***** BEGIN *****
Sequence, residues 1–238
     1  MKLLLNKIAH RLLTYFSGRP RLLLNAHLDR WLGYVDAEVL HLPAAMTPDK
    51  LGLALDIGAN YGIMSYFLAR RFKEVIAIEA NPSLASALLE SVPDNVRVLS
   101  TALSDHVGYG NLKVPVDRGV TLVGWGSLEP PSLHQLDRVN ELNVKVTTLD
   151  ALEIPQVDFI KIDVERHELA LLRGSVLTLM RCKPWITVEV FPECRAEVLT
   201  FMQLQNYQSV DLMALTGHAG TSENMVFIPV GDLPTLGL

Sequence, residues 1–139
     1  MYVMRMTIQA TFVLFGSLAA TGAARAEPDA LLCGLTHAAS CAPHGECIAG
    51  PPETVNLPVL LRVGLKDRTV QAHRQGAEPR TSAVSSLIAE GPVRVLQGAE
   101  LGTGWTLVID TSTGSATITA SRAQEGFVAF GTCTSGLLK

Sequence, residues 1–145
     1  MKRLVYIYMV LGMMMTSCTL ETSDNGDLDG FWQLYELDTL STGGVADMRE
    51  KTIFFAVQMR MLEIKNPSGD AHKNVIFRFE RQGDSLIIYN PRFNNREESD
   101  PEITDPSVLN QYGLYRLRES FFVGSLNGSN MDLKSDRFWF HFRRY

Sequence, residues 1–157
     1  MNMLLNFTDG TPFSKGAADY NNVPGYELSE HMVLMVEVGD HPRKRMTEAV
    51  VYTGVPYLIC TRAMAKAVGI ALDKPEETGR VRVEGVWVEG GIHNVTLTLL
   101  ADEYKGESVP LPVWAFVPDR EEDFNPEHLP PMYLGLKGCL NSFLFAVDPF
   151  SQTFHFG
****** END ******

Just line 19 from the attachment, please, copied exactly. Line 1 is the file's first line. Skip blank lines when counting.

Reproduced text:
   151  SQTFHFG